-Rainman

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Day 4 Review of Products & Operational Applications

Today, I took on the role of mesoanalyst during operations. I first looked at PHS fields (mainly MUCAPE and bulk shear) and compared them to the SPC mesoanalysis of said fields. The two agreed well, though I do have a suggestion – PHS bulk shear fields are given in m/s, but knots or mph would be better for quick comparison to SPC mesoanalysis and most model output.

I then looked at OCTANE imagery and immediately took note of the divergence signature associated with an especially robust storm over western DDC (Figure 1). This signature was easy to identify as the environmental winds aloft were relatively light.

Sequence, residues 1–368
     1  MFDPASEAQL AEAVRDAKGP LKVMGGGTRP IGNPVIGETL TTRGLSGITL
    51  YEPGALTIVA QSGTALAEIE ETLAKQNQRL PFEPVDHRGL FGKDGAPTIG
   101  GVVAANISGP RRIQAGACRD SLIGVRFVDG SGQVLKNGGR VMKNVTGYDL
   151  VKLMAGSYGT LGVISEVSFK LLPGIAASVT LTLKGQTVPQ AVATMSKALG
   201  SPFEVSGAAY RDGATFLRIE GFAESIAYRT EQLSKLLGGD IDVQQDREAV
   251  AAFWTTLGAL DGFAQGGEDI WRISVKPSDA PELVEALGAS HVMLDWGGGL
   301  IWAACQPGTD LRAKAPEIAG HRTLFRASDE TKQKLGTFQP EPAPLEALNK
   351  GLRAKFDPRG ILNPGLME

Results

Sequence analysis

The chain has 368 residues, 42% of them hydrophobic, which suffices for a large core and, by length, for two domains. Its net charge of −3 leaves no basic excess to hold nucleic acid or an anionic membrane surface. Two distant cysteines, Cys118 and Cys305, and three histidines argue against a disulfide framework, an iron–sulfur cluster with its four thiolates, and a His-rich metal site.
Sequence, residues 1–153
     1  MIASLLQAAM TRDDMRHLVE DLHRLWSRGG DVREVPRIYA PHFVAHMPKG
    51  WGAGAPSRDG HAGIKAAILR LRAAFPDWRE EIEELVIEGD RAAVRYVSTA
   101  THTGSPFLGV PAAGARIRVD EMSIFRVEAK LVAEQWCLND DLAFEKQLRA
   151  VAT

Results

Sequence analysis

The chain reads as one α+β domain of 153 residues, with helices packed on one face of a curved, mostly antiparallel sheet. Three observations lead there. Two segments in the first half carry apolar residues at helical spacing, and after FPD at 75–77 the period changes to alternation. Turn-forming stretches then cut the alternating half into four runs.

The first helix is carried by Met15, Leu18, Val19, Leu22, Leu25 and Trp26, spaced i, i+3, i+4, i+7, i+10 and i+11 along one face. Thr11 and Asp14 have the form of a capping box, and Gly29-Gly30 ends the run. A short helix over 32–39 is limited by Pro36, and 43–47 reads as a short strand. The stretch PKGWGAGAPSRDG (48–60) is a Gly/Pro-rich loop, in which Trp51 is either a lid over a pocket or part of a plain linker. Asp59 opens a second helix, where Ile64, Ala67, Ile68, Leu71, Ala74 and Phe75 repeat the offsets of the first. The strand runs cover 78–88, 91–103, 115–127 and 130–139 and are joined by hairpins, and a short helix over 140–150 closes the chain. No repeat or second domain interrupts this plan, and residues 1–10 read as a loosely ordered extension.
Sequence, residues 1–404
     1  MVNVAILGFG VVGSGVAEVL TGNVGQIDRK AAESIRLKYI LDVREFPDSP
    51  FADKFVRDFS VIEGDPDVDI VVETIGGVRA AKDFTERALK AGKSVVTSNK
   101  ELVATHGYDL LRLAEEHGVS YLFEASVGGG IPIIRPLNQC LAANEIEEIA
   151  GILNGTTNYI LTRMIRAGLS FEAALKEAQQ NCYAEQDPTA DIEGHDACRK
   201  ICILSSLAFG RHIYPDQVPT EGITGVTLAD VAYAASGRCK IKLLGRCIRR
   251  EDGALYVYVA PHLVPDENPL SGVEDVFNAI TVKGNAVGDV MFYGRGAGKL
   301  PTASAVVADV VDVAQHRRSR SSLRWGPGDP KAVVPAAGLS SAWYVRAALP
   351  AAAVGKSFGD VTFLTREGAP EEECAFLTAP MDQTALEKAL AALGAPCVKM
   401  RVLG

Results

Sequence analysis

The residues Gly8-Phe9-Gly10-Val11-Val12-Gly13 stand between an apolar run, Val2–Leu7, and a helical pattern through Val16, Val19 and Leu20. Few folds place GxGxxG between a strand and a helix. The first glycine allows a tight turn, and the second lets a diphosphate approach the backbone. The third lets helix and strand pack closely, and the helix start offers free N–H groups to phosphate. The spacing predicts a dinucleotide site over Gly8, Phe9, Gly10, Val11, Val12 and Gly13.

Figure 1

As the operational period wore on, LightningCast indicated a high likelihood of convection over the southwest portion of DDC well before any radar returns actually appeared (Figure 2). My group used this information to create a DSS graphic that highlighted this area for likely storm development later (which did in fact end up happening).

Figure 2

OCTANE Direction later captured what at first glance appeared to be a couple divergence signatures over southwestern DDC (Figure 3). Upon closer inspection, however, these signatures were co-located with relative minima in OCTANE Speed. The proximity of these signatures to areas of missing pixels (where winds are likely <5 kts) in OCTANE Direction suggests very light winds and/or lower quality data, per the developer.

Figure 3

– Vort Max

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PHS and SPC Mesoanalysis, 0-6km Shear

I noticed that there was a big difference in 0-6km bulk shear values between the PHS MesoA and SPC Meso page. The gradient was similar but not the values. Highest values from the PHS MesoA was in the mid 30s. Highest values on SPC’s page was in the 60s at around 20z.

– SATGLM_84